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    "If you've been injured through no fault of your own you could be entitled to compensation. If you're unsure if you could claim, I recommend you call Accident Advice Helpline."

    Esther Rantzen

    Health and Safety News

    Employers urged to implement eyecare for workers

    By Jonathan Brown on September 12, 2016

    Employers urged to implement eyecare for workers

    Companies who don’t provide eyecare for employees who drive are putting their employees at risk of accidents, an optician group has said. 

    According to figures by Specsavers Corporate Eyecare, only 28% of companies have any optical policy in place for all employees.

    The figures also show that only 16% of employers have a policy in place that covers all drivers.

    Of those firms that are providing optical cover, many impose criteria rather than having access available to all drivers. These include elements such as age, job role and mileage.

    Employers urged to implement eyecare policy

    The director of strategic alliances at Specsavers Corporate Eyecare, Jim Lythgow, said: “It is alarming that employers who are confident of their employees’ eyesight are in the minority.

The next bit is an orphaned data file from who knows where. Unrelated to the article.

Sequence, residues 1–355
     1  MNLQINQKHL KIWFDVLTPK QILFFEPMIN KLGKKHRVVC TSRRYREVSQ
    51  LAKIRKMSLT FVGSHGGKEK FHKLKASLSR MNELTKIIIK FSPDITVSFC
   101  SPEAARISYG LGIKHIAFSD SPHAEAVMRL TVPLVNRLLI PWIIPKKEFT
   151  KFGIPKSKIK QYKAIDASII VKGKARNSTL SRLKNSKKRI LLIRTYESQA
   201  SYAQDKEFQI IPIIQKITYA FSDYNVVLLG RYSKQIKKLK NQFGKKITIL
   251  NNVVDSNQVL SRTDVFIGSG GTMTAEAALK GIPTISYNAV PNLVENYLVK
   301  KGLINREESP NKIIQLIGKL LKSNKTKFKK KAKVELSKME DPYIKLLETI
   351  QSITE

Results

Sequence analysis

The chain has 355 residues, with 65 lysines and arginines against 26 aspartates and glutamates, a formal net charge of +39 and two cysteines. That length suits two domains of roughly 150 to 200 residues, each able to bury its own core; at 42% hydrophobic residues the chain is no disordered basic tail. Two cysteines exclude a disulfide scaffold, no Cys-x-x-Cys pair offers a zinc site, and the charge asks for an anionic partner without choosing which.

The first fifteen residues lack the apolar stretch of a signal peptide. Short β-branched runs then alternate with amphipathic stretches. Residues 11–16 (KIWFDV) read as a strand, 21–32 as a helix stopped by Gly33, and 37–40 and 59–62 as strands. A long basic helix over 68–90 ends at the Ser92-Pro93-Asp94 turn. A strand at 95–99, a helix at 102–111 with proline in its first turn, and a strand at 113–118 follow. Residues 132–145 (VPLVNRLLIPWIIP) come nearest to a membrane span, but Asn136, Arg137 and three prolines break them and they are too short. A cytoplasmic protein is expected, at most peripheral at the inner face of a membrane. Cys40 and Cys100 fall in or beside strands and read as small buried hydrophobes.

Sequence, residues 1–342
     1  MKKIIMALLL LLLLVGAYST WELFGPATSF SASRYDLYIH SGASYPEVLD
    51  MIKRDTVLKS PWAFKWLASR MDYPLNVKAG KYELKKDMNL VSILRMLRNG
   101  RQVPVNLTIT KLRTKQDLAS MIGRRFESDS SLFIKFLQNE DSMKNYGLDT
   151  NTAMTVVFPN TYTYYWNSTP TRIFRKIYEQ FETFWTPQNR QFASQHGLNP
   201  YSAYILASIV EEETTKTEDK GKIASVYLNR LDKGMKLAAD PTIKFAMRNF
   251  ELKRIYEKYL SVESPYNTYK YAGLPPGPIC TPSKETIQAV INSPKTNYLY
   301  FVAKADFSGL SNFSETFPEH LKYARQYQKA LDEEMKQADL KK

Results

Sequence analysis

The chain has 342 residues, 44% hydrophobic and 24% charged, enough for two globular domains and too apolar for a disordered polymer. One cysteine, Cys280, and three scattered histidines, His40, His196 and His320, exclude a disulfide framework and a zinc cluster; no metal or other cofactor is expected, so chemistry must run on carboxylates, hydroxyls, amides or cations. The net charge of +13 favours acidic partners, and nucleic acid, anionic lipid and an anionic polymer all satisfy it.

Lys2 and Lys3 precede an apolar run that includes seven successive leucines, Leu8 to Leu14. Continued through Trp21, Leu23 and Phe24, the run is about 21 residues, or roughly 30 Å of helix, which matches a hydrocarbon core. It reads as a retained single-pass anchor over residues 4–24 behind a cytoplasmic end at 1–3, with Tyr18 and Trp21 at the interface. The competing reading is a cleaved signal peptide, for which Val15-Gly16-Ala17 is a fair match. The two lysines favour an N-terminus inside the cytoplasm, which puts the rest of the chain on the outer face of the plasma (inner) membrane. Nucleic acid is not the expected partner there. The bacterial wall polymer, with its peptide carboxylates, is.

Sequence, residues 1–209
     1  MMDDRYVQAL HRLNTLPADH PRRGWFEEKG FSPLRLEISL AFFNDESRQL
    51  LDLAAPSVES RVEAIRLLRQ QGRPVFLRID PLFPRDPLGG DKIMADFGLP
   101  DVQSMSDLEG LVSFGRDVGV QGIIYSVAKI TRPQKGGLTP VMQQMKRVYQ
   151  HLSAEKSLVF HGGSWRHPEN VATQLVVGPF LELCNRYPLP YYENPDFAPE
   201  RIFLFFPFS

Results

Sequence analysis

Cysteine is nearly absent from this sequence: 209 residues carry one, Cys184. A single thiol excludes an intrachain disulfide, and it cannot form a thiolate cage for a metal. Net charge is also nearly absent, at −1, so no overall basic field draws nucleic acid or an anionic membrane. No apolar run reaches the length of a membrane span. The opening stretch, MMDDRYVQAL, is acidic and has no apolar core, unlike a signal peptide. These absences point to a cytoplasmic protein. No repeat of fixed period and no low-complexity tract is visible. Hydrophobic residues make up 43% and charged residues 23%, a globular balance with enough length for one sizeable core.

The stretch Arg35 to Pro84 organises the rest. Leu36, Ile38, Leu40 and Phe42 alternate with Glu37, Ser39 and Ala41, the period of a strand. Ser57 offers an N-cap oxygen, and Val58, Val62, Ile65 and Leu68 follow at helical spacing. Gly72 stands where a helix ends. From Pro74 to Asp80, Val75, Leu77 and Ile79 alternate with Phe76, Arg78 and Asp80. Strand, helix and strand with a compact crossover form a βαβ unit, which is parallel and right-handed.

“While many may wrongly assume that it is the individual’s responsibility alone to ensure their eyesight is adequate for driving, the Health and Safety Executive (HSE) makes it quite clear that driving safety becomes a joint responsibility when driving for work purposes.”

    Mr Lythgow is urging all companies to implement an eyecare policy for all employee drivers.

    Employee accidents generate losses that cannot be recouped by a business, such as sick pay, temporary staff cover, legal expenses and potential increases in insurance premiums.

    “When also considering the risk to the business’s reputation of not having ensured the employee had adequate eyesight, to apply a blanket eyecare policy seems like the obvious thing to do,” Mr Lythgow said.

    Worrying figures

    Almost a third (31%) of fatal car collisions and more than a quarter (26%) of serious injury accidents in the UK involve someone who is driving as part their job, according to figures from the Department for Transport.

    However, road safety charity Brake says this figure is likely to be grossly underestimated as, unlike other work-related incidents, driving accidents that occur while working are not required to be reported to the Health and Safety Executive.

    Source: Health and Safety Practitioner

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    Date Published: September 12, 2016

    Author: Jonathan Brown

    Category: News

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